Here is Jacques Barzun, from From Dawn to Decadence, on the reasons for sticking to the traditional usage in all writing:
The reasons in favor of prolonging that usage are four: etymology, convenience, the unsuspected incompleteness of "man and woman," and literary tradition.You get the picture.
To begin with the last, it is unwise to give up a long established practice, familiar to all, without reviewing the purpose it has served. In Genesis we read: "And God created man, male and female." Plainly, in 1611 and long before, man meant human being. For centuries zoologists have spoken of the species Man; "Man inhabits all the climatic zones." Logicians have said "Man is mortal," and philosophers have boasted of "Man's unconquerable mind." The poet Webster writes: "And man does flourish but his time." In all these uses man cannot possibly mean male only. The coupling of woman to those statements would add nothing and sound absurd. The word man has, like many others, two related meanings, which the context makes clear.
Nor is the inclusive sense of human being an arbitrary convention. the Sanskrit root man, manu, denotes nothing but the human being an does so par excellence, since it is cognate with the word for "I think." In the compounds that have been regarded as invidious--spokesman, chairman, and the like--man retains that original sense of human being, as is proved by the word woman, which is etymologically the "wife-human being." The wo (shortened from waef) ought to make woman doubly unacceptable to zealots, but the word as it stands seems irreplaceable. In a like manner, the proper name Carman is made up of car, which meant male, and man, which has its usual human being application. Car, originally carl or kerl, was the lowest order of freeman, often a rustic. (Carl has further give us Charles and churlish).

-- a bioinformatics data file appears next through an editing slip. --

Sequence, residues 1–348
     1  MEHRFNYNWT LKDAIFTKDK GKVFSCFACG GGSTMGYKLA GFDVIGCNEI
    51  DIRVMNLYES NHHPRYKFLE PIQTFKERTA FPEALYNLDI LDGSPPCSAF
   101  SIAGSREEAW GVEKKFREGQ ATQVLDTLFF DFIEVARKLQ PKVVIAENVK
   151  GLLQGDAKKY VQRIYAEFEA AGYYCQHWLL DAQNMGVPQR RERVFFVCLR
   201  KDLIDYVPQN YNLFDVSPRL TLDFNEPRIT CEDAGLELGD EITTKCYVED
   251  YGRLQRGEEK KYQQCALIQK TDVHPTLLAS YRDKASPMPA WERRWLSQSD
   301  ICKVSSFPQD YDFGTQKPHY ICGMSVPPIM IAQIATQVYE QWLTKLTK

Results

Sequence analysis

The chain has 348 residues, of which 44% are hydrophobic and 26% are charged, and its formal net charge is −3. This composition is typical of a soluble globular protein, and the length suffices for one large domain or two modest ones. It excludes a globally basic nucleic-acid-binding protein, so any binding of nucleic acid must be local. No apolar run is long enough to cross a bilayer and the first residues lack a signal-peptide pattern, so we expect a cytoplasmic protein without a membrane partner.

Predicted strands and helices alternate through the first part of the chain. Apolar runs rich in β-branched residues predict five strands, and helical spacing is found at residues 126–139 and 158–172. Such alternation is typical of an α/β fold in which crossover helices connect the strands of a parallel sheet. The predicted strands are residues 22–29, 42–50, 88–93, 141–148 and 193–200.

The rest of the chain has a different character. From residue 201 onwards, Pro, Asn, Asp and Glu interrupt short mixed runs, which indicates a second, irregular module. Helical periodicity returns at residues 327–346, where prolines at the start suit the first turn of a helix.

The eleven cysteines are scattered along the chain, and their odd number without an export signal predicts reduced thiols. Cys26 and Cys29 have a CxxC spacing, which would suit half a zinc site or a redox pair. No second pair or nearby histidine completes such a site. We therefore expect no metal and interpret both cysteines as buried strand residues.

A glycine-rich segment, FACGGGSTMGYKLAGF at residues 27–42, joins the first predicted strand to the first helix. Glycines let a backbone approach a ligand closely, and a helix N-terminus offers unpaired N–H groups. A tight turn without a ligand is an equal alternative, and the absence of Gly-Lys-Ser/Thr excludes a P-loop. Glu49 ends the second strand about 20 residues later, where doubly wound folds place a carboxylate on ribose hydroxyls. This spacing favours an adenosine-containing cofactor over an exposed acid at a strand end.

In English, words denoting human beings of various ages and occupations have changed sex over time or lost it altogether. Thus at first girl referred to small children of either sex, likewise maid, which meant simply "grown-up," and ending -ster, as in spinster and webster, designated women. It is no longer so in gangster and roadster. Implications have shifted too. In Latin, homo was the human being and vir the male, so that virtue meant courage in battle; in English it long stood for chastity in women. The message of this mixed-up past is that it is best to let alone what one understands quite well and not insist on a one-sided interpretation of a word in common use.
Some may brush aside this lesson from usage old and new with a "Never mind. Nobody knows or thinks about the past and man remains objectionable." At this point the reformer must face practical needs. To repeat at frequent intervals "man and woman" and follow it with the compulsory "his and her" is clumsy. It destroys sentence rhythm and smoothness, besides creating emphasis where it is not wanted. Where man is most often used, it is the quick neutral word that good prose requires. It is unfortunate that English no longer has a special term for the job like French on. But on is only the slimmed down form of hom(me)--man again.